We often take great care to ensure our children build good personal hygiene habits such as brushing their teeth and bathing. But do we pay as much attention to our children’s sleep hygiene? As adults, we easily recognize the benefits of a good night’s sleep for ourselves, and certainly we want the same for our children. Sleep has an important restorative role to play and it is critical for healthy growth and development. Proper sleep can also help prevent health problems now and in the future.
It is important to understand your child’s sleep needs and identify potential sleep problems early. Children need an ample amount of sleep to ensure that they are energized and have the ability to excel at the activities they enjoy.
If you are concerned about your children’s quality of sleep, you may notice the following signs1:
• Falling grades in school
• Poor self esteem
• Either low or excessive appetite
• Headaches or migraines
• Hyperactive behaviour
• Difficulties with attention
As a family, there are ways to build in good habits into your nightly routine to help your children get better sleep.
The Encyclopedia on Early Child Development recommends the following tips for good sleep hygiene in children2:
Tip 1: A child’s bedroom should be a safe, secure, and quiet sleeping environment: Consider distancing electronics and devices away from the bed or keeping them out of the bedroom entirely.
Tip 2: Establish a bedtime routine: It is important to provide a short and consistent routine for children before bed. A good routine will relax the child and encourage sleep. The routine should be carried out in the child’s bedroom and should take place 15 to 30 minutes before bedtime. It is recommended that the routine is predictable and consistent. Also be sure that there is a set bedtime.
Tip 3: Keep a regular schedule: The bedtime routine and schedule should be followed every day, with the routine continued on weekends.
Tip 4: Teaching a child to fall asleep alone: When a child is older (over six months) the parent can slowly remove themselves from their bedside, allowing the child to grow accustomed to sleeping on their own.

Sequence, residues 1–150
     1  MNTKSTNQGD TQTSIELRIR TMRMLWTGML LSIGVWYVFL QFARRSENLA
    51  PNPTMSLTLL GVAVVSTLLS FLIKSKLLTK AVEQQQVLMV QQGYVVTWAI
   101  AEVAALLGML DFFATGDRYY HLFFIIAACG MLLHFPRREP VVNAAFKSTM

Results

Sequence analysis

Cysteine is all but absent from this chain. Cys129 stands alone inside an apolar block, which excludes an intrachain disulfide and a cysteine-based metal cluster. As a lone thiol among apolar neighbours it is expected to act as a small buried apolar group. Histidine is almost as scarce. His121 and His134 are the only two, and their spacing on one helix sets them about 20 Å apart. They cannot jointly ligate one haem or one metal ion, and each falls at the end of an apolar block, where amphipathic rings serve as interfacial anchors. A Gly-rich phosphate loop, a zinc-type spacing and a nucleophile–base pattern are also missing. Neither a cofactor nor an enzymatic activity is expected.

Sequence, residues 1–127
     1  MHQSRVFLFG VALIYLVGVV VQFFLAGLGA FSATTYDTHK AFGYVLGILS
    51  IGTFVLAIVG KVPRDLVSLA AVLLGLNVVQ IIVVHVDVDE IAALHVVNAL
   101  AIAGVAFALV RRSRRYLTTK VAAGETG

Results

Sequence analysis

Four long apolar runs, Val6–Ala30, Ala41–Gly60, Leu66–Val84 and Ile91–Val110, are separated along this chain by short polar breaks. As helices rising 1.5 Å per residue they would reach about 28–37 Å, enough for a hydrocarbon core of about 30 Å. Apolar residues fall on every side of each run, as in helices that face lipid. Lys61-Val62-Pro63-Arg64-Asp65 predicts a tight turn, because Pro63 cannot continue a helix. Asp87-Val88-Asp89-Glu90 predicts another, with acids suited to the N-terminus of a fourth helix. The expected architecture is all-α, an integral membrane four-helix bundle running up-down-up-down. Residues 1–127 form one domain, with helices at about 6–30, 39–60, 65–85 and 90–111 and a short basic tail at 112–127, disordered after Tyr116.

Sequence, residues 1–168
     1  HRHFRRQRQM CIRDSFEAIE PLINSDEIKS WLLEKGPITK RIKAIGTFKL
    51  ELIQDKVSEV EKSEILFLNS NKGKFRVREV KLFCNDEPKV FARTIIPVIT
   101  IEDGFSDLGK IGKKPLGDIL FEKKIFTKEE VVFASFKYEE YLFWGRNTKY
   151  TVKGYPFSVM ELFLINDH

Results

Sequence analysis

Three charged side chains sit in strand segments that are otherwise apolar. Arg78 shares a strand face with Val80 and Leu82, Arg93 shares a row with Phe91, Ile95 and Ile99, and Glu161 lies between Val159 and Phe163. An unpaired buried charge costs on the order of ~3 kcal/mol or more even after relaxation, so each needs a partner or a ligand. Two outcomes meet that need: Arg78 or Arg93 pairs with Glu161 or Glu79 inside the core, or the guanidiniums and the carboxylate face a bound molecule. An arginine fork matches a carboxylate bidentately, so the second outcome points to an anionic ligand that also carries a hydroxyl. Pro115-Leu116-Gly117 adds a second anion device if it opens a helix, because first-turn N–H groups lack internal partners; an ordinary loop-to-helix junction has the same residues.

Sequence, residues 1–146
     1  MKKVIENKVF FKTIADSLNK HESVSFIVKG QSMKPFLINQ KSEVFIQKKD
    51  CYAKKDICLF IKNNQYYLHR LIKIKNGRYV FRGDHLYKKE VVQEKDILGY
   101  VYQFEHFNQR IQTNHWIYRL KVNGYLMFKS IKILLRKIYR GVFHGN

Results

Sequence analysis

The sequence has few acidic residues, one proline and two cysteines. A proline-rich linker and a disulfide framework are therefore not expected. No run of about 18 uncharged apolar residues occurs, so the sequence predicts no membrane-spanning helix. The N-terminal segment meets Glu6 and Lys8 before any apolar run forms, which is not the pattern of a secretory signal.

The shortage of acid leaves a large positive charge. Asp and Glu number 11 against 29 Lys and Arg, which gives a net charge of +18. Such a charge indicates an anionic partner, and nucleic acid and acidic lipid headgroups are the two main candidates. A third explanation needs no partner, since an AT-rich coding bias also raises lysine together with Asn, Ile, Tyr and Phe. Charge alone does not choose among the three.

Tip 5: Encouraging daytime activities that help a child sleep at night: Exercise can help or hinder sleep depending on the time of the day that activity took place. Exercise during the day will help the child fall asleep at night, whereas exercise close to bedtime may cause sleep onset insomnia. Ideally, exercise should stop two to three hours before bedtime.
Getting a good night’s sleep is important for everyone. But, like many good habits, it’s important to start at an early age. With the new school year approaching, creating a routine now is one of the easiest ways to make good sleep hygiene a long-lasting practice for your children.
If you’d like to speak with a professional regarding your child’s quality of sleep, I’d love to extend an inviitation for you to come into Motion4Life for a complimentary consultation.
References 1University of North Carolina at Chapel Hill. “Kids and Sleep.” http://www.google.ca/url?sa=t&rct=j&q=&esrc=s&source=web&cd=25&ved=0ahUKEwi-6YT69eHMAhUEdD4KHTW1Dcs4FBAWCDIwBA&url=http%3A%2F%2Fsleephygiene.web.unc.edu%2Ffiles%2F2012%2F12%2FKids-and-Sleep1.pptx&usg=AFQjCNFXJtjwqYtArTh8BBKH5XEhO79xTw 2Shelly Weiss. “Tips for Parents: Prevention and Management of Sleep Problems.” May 10, 2010. http://www.child-encyclopedia.com/Pages/PDF/WeissANGxp.pdf